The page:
Gay History

“You faggots are revolting!”: Stonewall

Cat-call at the first gay parade in New York. To which an anonymous wit shouted back, “You bet your sweet ass we are!”

By Scott Ross

A few signposts leading to, and from, 27 and 28 June, 1969.

The late Frank Kameny in Philadelphia in 1965. Fired from his government job in 1957 as a “sex pervert,” he took his case to the Supreme Court in 1961, eight years before Stonewall. One of the most courageous men of his time.

Lesbian rights pioneers Barbara Gittings and her lifetime partner Kay (Tobin) Lahusen, in the early 1960s

The Black Cat Tavern in the Silverlake district of L.A. On New Year’s Eve 1967—a full two and half years before the Stonewall uprising—patrons rioted when the cops arrested and brutally beat its patrons. The Advocate arose from this infamous event. Why do so few of us know it happened?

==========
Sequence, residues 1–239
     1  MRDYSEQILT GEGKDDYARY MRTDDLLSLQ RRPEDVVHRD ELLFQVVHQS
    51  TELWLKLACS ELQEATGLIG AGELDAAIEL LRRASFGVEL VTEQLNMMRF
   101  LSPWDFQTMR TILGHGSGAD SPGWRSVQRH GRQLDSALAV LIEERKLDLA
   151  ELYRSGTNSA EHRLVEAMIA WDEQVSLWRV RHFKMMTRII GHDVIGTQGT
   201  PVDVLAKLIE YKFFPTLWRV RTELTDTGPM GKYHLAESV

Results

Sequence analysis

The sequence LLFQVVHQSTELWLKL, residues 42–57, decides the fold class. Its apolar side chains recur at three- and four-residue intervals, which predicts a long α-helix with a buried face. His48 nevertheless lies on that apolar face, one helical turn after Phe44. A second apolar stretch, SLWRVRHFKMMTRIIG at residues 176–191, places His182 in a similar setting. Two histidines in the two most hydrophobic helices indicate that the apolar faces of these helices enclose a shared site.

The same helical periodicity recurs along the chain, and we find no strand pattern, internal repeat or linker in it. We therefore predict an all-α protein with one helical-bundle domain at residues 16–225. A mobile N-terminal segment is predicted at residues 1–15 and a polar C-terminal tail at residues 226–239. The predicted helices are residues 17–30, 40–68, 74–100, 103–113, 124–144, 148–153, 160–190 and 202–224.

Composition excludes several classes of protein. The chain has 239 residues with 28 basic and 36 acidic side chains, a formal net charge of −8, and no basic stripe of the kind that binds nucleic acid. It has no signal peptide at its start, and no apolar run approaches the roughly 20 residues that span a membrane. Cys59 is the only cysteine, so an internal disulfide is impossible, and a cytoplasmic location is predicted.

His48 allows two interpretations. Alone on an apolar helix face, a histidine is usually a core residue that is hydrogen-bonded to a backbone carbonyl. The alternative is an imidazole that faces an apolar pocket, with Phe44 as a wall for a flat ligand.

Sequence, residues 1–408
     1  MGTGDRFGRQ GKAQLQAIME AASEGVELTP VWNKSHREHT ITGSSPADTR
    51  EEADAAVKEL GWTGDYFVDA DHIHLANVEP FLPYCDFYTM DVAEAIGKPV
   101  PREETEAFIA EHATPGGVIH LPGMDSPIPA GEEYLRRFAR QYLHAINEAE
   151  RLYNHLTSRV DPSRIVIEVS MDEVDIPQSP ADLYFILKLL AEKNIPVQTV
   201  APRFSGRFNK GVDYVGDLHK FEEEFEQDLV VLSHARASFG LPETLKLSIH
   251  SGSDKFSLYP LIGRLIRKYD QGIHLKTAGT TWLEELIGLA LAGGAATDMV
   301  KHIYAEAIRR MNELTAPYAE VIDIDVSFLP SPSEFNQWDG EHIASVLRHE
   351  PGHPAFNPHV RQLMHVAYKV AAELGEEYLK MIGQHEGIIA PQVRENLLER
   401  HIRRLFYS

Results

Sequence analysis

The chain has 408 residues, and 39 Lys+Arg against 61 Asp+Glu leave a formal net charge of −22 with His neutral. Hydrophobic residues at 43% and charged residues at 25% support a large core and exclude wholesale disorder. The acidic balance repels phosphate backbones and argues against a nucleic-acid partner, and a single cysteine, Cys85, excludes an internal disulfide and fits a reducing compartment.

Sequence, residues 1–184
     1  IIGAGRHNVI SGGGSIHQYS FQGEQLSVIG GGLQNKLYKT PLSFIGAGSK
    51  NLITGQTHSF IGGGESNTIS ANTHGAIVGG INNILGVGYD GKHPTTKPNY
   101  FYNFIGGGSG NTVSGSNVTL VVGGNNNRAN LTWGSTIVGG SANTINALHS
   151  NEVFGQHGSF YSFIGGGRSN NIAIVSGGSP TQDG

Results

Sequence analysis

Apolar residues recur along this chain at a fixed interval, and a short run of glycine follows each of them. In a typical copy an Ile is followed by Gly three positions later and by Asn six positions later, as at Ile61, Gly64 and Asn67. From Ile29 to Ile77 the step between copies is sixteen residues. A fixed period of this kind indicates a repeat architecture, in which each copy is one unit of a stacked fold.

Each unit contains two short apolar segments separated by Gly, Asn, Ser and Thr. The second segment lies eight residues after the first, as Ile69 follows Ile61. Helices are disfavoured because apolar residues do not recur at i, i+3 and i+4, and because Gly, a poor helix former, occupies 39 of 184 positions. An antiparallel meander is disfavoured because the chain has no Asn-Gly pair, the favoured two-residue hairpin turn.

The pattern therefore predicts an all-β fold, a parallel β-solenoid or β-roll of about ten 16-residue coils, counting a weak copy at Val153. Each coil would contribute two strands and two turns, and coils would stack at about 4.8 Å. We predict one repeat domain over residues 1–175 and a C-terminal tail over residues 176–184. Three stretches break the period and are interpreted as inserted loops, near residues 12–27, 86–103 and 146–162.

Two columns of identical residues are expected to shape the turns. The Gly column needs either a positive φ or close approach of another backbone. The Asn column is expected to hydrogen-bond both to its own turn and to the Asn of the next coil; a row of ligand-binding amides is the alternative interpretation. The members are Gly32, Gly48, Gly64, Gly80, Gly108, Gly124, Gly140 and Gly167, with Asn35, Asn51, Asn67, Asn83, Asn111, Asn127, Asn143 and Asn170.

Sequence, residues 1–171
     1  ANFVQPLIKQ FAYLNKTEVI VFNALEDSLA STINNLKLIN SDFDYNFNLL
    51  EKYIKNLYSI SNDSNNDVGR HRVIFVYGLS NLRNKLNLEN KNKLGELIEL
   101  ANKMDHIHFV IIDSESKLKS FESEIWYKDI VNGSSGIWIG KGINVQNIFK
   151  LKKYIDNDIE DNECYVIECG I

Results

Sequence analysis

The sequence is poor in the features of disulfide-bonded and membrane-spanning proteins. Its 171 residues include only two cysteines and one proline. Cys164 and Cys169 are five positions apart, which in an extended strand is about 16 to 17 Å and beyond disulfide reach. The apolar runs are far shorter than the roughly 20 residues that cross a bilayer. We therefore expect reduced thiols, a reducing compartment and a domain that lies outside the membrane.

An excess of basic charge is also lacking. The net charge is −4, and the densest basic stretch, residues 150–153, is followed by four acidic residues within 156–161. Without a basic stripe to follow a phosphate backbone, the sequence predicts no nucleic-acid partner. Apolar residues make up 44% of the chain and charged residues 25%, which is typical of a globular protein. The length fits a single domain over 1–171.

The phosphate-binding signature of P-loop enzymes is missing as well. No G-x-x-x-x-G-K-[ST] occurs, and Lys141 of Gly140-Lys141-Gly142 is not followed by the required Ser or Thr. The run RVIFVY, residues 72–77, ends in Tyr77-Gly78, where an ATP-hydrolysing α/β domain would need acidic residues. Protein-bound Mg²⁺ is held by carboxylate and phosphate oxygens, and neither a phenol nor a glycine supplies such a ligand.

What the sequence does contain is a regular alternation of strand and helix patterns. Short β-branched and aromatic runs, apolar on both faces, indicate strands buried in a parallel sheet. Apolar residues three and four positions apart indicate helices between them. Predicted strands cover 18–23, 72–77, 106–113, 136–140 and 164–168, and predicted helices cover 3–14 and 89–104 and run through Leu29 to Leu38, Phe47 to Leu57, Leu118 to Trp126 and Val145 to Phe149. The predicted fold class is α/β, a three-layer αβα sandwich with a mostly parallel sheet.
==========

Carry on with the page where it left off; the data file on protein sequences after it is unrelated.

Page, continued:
Above and below: The Stonewall Inn, 28 June 1969. The night the queers fought back.
How the New York Times chose to cover Stonewall.
The late playwright Doric Wilson, who was there. His fantasia about Stonewall, Street Theatre, should be required reading for every intelligent homo.
One of the first posters of a new movement, if not the first.
The late — how I tire of using that phrase — Vito Russo, an early activist whose groundbreaking book The Celluloid Closet, marrying two of my chief interests (movies and homosexuality) rocked my world in 1981.
Text copyright 2013 by Scott Ross

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